Central Railroad Co. of New Jersey v. Mills

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Central R. Co. of N. J. v. Mills
Seal of the United States Supreme Court.svg
Argued January 13–14,
Decided February 2, 1885
Full case name Central R. Co. of N. J. v. Mills
Citations 113 U.S. 249 (more)
Court membership
Chief Justice
Morrison Waite
Associate Justices
Samuel F. Miller · Stephen J. Field
Joseph P. Bradley · John M. Harlan
William B. Woods · T. Stanley Matthews
Horace Gray · Samuel Blatchford
Case opinions
Majority Gray, joined by unanimous

Central R. Co. of N. J. v. Mills, 113 U.S. 249 (1885), involved a case where the Court of Claims had dismissed a petition of the claimants, regarding the rejection of two items sued for: (1) labor done and materials furnished by the claimants in constructing the coffer dams, and in performing the work necessarily connected therewith and preliminary to the masonry work for the piers and abutments, (2) loss and damages resulting to the claimants in consequence of the reduction of the dimensions of the piers and abutments made subsequently to the making of the contract.[1]


The decision of the Court of Claims in regard to item (1) was that the claimants had not shown that the written contract did not express the intent of both parties as to the coffer dams, and that even if that court were satisfied that the claimants executed the contract in mistake of their rights, there was no evidence that the defendants shared the mistake. Its decision in regard to item (2) was that it would be disposed to regard the case, on the facts, as one for equitable interposition for the purpose of further inquiry and the ascertainment of the rights of the parties in equity if it had jurisdiction, but that the statute did not authorize it to entertain those considerations, because, in the proceedings before it, it could hear and determine only claims for labor done and materials furnished by the claimants under their contract with the defendants.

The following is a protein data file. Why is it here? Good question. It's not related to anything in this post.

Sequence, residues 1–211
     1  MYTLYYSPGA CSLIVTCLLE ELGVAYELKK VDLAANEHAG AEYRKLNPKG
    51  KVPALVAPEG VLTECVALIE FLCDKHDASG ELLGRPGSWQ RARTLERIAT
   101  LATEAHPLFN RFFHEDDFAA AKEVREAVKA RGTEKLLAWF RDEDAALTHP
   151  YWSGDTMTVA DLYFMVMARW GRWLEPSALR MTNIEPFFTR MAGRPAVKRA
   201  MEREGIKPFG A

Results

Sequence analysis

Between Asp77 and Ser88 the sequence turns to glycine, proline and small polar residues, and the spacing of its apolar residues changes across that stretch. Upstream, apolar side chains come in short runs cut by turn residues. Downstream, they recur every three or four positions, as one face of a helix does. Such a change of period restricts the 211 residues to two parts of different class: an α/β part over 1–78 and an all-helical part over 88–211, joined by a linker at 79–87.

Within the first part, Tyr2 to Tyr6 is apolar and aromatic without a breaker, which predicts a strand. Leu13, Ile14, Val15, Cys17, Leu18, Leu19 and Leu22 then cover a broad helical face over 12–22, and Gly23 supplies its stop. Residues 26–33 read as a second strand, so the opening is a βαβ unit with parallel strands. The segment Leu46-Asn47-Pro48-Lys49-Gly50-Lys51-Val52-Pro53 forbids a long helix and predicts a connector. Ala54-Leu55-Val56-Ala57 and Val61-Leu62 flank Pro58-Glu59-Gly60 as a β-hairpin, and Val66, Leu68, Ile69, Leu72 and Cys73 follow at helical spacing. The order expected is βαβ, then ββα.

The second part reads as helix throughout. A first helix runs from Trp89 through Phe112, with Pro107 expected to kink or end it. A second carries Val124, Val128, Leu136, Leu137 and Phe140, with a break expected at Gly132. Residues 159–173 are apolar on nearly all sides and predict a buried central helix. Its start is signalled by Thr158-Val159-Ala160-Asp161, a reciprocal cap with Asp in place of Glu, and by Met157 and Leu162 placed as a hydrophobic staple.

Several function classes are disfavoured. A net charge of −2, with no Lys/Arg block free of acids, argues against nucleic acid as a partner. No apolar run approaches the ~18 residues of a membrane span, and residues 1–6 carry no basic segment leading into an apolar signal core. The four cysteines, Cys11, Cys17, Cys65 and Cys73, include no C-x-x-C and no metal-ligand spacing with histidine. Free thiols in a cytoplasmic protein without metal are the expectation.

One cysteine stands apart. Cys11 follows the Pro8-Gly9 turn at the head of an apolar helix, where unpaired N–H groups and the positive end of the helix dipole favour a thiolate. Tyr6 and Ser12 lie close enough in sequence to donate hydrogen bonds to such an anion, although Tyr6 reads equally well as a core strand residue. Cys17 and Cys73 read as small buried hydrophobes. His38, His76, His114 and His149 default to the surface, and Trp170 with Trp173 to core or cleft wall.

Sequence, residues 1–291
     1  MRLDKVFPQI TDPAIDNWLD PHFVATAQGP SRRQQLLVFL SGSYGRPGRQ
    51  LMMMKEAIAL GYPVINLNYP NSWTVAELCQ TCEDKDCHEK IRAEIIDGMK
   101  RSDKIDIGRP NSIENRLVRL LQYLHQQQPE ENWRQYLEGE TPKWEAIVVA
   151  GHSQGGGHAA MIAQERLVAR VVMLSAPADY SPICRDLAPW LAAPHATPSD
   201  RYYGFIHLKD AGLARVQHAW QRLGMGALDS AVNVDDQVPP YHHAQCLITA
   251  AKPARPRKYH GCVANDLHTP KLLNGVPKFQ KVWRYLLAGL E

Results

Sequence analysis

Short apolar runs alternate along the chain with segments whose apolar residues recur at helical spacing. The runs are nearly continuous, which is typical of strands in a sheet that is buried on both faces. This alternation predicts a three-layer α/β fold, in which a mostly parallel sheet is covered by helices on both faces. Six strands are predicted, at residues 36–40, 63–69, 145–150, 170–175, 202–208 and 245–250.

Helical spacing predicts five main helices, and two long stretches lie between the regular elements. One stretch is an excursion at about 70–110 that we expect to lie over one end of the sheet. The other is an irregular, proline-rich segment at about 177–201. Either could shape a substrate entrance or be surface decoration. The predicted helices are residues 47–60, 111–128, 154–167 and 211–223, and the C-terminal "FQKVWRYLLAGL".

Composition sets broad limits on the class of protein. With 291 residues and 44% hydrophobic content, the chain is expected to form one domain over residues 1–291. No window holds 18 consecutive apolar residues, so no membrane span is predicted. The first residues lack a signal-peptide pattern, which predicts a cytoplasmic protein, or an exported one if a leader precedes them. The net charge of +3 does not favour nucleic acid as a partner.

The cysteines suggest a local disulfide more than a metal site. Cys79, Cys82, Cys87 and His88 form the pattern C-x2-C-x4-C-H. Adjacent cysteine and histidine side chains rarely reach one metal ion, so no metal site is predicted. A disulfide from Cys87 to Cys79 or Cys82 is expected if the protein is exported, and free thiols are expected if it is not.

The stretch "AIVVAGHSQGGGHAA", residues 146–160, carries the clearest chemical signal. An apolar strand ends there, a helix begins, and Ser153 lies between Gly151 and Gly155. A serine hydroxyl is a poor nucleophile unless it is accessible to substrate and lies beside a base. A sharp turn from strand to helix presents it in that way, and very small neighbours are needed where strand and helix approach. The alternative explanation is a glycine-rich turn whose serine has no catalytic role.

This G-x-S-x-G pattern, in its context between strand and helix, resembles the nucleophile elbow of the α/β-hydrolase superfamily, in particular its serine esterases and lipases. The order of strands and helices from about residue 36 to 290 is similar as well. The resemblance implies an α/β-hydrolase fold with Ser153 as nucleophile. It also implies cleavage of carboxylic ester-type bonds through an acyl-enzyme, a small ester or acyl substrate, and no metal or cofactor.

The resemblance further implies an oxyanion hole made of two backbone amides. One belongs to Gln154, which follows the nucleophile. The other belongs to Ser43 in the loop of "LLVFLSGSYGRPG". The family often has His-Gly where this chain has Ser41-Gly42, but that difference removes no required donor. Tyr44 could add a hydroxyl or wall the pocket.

Opinion of the Court[edit]

The Supreme Court held that the ruling of the Court of Claims in regard to item (1)—the coffer dams—was erroneous, and that by the actual contract between the parties the claimants were not to do any of the work covered by the claim made by them under item (1), and that the written contract must be reformed accordingly. As to item (2), this Court held, that the Court of Claims placed too limited a construction upon the special act of Congress, and that its power, under that act, extended to reforming the contract in respect to permitting the officers of the United States to materially vary the plans for the piers so as to essentially change the obligations of the parties.

The decree of the Court of Claims was reversed, and the cause was remanded, with directions to proceed in it according to law and in conformity with the opinion of this Court. This cause was remanded to the Court of Claims, with a direction to enter judgment accordingly.

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